In his third novel (after Raney and Walking Through Egypt ), Edgerton again demonstrates his ability to reveal character through sharply etched dialogue and wildly hilarious circumstance. He also achieves a deeper resonance in this story of the blue-collar Copeland family of North Carolina. The voices of various narrators produce a composite family portrait that takes the Copelands from the placid summer of 1956 to the Vietnam War years of the '60s. In Edgerton's deceptively simple prose, we learn about such traditions as grave-cleaning day, the annual hunting trip to Florida and Albert Thatcher's ongoing, seemingly doomed efforts to construct a floatplane with aluminum pontoons. Another narrative voicethat of the wisteria vine that overruns the graveyardalso imparts family secrets; this, however, is a labored device that hampers credibility. In all other respects, the novel is absorbing as the voices obliquely reveal family relationships, personality clashes, sibling rivalry and small-town social mores. But the tale becomes gripping and wrenchingly vivid when Meredith Copeland and his cousin Mark Oakley enlist in the military and are sent to Southeast Asia. Here, too, is when the reader discovers that Edgerton is not a predictable writer; he turns our expectations head over heels, showing how circumstances can change character in surprising ways. This is a mature novel in which Edgerton's subtle mastery of his craft is made increasingly clear. BOMC featured selection; QPBC alternate. (September)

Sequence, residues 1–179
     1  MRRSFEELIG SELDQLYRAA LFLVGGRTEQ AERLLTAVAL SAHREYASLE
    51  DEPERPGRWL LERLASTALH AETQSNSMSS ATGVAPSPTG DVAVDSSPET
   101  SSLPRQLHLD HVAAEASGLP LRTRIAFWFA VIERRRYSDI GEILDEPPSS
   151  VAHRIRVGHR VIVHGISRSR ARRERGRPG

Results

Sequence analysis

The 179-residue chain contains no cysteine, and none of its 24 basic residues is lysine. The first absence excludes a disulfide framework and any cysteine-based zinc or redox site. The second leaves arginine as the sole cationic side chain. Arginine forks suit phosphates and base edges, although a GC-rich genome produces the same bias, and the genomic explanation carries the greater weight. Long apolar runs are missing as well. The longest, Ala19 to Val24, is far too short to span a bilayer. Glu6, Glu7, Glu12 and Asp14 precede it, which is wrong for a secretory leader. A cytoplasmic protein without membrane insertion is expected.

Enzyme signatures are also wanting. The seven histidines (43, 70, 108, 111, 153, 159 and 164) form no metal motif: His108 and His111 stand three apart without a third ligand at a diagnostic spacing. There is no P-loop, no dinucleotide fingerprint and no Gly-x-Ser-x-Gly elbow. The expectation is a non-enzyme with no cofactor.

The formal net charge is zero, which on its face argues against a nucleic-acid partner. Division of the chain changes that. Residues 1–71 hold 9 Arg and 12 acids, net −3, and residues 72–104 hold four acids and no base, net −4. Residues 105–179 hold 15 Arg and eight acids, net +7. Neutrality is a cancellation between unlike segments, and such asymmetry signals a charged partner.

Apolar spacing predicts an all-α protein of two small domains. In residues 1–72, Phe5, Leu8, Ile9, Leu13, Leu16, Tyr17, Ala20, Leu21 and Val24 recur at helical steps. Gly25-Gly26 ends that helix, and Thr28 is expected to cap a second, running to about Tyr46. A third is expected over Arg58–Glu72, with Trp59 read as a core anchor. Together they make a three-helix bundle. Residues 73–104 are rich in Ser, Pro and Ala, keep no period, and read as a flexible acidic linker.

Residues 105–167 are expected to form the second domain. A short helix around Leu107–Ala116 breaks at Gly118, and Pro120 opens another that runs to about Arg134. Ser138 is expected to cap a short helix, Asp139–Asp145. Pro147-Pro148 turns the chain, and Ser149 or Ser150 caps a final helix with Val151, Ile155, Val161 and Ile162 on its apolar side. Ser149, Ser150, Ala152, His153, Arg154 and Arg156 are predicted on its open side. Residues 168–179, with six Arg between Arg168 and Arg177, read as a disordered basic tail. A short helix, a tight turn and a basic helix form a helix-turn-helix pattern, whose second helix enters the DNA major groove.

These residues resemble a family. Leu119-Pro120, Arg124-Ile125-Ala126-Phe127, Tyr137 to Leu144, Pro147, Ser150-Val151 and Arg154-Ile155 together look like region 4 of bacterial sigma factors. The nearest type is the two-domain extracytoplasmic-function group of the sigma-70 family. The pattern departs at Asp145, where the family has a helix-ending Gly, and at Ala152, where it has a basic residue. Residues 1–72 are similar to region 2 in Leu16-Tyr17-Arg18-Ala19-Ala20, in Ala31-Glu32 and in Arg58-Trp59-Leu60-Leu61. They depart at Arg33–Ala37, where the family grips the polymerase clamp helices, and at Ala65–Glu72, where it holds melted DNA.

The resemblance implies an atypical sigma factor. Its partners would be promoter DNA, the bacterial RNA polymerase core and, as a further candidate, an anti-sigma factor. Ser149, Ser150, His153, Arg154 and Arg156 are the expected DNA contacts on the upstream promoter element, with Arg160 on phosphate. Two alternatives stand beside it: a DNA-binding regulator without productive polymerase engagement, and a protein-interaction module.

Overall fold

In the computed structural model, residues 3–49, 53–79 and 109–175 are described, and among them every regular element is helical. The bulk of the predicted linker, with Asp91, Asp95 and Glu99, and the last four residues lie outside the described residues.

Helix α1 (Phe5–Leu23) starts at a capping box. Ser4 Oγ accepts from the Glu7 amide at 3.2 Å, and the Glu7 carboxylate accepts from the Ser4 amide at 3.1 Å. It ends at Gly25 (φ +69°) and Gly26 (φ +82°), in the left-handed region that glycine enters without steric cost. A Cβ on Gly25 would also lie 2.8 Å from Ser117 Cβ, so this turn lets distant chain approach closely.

Reviewed on: 12/01/1990 Release date: 12/01/1990 Genre: Fiction
During the Covid-19 crisis, Publishers Weekly is providing free digital access to our magazine, archive, and website. To receive the access to the latest issue delivered to your inbox free each week, enter your email below.